I don't have much more to say on the topic.  The Florida welfare law hurts kids; therefore, I am against it.  It really is as simple as that.  I will never support legislation that sacrifices children's well-being at the altar of "fiscal responsibility." 

And to those who would: shame on you.

Monday, June 6, 2011

Baby Cereal Banana Muffins

These scrumptious muffins are moist, flavorful, and relatively nutritious.  This recipe is a great way to use any baby cereal you still have on hand after your toddler transitions to finger foods.  For best results, choose bananas whose peel has turned completely black.

Baby Cereal Banana Muffins

1/2 cup all purpose flour
1/2 cup whole wheat flour
1/2 cup baby cereal
1 teaspoon baking powder
1 teaspoon baking soda
1/2 teaspoon salt
1/4 teaspoon ginger
1/3 cup butter, melted
3/4 cup white sugar
3 very ripe bananas
1 egg
1 teaspoon vanilla
3/4 cup semi-sweet chocolate chips

In a large bowl, mix together the flours, cereal, baking powder, baking soda, salt, and ginger.  Set aside.

In a small bowl, whisk the sugar into the melted butter.  Stir in the banana, vanilla, and egg. 

Stir the banana mixture into the dry ingredients until just combined.  Fold in the chocolate chips.  Divide evenly among 12 greased or paper-lined muffin tins.  Bake at 375 degrees for 18-20 minutes, or until golden.

This recipe is proudly shared at Menu Plan Monday and What's On Your Plate?

Friday, June 3, 2011

Frugal Fridays: Homemade Convenience Foods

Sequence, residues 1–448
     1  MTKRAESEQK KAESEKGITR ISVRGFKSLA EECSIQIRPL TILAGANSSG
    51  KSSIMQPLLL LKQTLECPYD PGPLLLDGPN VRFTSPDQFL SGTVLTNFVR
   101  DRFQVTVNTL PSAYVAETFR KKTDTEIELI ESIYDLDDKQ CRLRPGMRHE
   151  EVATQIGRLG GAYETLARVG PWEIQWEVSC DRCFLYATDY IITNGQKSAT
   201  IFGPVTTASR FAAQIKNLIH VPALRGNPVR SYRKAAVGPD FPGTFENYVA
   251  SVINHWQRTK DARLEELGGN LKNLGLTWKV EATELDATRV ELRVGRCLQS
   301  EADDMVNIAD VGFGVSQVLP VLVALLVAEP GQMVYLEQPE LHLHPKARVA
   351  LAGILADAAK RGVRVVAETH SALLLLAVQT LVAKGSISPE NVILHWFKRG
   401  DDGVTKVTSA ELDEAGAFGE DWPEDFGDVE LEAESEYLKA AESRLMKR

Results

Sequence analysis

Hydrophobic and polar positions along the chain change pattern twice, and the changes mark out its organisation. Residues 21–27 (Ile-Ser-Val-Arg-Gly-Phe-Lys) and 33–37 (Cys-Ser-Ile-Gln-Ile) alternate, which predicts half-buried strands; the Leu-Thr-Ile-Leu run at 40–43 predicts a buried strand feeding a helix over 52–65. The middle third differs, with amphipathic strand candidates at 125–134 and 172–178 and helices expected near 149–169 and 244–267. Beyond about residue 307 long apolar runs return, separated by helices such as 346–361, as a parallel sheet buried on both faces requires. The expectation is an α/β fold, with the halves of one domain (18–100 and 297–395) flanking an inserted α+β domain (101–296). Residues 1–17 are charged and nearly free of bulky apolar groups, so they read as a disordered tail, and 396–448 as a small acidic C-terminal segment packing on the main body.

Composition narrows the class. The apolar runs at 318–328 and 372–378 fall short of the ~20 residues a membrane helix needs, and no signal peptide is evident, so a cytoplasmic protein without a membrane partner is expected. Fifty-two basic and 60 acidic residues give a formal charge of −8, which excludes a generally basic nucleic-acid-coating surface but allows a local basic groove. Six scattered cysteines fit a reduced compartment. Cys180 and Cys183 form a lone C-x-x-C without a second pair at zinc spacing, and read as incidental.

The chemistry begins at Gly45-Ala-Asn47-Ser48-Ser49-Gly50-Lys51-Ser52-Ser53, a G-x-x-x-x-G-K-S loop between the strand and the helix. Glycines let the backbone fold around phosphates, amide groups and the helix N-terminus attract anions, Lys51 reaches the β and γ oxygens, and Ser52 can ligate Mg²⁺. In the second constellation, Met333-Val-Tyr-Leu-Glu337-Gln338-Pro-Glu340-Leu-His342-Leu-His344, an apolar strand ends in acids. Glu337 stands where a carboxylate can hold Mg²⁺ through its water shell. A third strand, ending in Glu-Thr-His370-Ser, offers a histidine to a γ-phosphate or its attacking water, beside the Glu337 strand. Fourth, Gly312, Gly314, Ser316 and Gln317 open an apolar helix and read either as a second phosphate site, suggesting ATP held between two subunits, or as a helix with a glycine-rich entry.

Another drawback to cooking from scratch: a perpetually messy kitchen!
As most of you know, I cook and bake everything we eat from scratch.  I firmly believe it's the healthiest, tastiest, most frugal way to feed my family, but there's a HUGE downside: it's not very convenient.

Last Wednesday, we needed to take Trey to the pediatrician at a moment's notice.  As a result, I wasn't able to make the meal I had planned for that night - roast turkey and mashed sweet potatoes - and I didn't have any "quick" foods in the house.  The only ingredients in my fridge were for the equally time-consuming meals I had planned for Thursday and Friday night's dinners.  We were stuck.  We ordered pizza.

I was pretty frustrated with myself for not being better prepared.  Even worse, the more I thought about it, the more I realized that this happens far too frequently for my taste: I plan an elaborate menu for the week, then something comes up, and we end up ordering takeout.